The Age of Google Fiber has arrived. Sounds momentous, doesn’t it? Well, if you’re old enough to remember the difference between the days of dial-up and the coming of broadband, you should have some idea of the difference between so-called “high-speed Internet” and Google Fiber. If you’re not old enough for that, maybe you can remember when you upgraded from your 1 Mbit/s DSL connection to a 10 Mbit/s cable ISP. Multiply that difference ten times, and you might start to see what we’re talking about.
For the time being, Google Fiber is only rolling out to residents of Kansas City (both Kansas Cities, actually), but there’s been plenty of excitement about what this means not only to potential Google Fiber customers, but also to customers of other ISPs (i.e., competition equals innovation and all that). If you’re not excited about Google Fiber, then you probably simply don’t know what it has to offer. Allow this humble tech nerd to explain it as best he can.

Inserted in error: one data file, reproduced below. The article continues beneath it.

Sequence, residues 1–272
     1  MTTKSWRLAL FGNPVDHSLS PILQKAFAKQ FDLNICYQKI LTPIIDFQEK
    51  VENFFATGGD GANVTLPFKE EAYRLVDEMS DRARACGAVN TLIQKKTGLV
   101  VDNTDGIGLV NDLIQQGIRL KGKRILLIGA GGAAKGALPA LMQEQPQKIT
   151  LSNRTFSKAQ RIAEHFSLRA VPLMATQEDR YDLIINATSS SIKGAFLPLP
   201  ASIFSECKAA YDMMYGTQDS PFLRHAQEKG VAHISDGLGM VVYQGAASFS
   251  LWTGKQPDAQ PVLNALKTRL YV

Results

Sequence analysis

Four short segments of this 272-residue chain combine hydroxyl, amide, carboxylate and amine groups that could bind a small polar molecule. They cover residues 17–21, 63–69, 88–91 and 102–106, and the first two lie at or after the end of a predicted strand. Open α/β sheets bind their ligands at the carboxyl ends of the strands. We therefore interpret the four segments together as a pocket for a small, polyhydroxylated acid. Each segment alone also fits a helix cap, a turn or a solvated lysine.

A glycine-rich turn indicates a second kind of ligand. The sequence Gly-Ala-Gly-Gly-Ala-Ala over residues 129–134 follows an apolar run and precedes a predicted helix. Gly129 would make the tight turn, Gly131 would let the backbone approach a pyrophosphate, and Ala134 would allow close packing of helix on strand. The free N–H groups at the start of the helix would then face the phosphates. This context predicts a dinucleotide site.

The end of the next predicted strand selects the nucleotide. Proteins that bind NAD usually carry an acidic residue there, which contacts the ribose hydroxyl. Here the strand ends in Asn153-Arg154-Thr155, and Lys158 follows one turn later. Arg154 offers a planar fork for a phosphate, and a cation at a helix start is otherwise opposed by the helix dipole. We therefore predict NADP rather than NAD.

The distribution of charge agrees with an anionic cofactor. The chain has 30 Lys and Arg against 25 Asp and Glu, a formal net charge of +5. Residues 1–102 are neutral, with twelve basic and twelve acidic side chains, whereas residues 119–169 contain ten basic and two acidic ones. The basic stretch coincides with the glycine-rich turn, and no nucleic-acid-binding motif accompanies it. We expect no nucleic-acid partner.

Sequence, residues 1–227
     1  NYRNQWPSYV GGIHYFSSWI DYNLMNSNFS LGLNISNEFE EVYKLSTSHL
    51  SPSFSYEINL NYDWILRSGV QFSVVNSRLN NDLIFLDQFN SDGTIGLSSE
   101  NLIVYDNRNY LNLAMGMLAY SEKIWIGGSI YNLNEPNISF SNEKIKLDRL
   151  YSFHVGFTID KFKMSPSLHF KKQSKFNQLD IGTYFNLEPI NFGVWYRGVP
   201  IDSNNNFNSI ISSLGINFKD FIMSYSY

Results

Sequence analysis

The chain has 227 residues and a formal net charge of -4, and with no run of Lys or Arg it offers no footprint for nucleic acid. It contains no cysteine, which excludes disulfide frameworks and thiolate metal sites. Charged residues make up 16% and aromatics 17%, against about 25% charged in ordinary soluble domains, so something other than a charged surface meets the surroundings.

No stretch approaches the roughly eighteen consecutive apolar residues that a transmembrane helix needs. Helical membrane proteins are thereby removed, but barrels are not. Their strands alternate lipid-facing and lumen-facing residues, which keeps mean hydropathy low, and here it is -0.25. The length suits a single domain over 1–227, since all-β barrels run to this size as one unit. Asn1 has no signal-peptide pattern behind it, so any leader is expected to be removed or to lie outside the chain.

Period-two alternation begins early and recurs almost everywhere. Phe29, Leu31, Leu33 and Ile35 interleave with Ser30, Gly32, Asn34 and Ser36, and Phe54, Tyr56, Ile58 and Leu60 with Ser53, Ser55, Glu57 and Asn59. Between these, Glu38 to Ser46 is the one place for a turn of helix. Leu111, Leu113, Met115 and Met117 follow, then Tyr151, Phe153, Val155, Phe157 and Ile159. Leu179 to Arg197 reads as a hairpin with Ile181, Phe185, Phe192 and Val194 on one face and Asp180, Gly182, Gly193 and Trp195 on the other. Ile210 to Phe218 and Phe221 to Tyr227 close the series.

The Light of Truth
What is fiber Internet? Well, it’s something like cable or DSL Internet, except that the “wires” are actually slender threads of glass. This means that data is transmitted at the speed of light; well, not exactly but close enough. It also fits into spaces where copper wire would be too big and heavy, and it isn’t subject to rust and corrosion or electromagnetic interference (power lines, lightning, sunspots, microwaves, etcetera). Plus, it wasn’t initially installed several decades ago to do something other than Internet, unlike cable and DSL.
The downside is that it’s pretty expensive and time-consuming to lay the initial infrastructure, but some of this is made up for by the fact that it won’t need anywhere near as much maintenance as copper wires.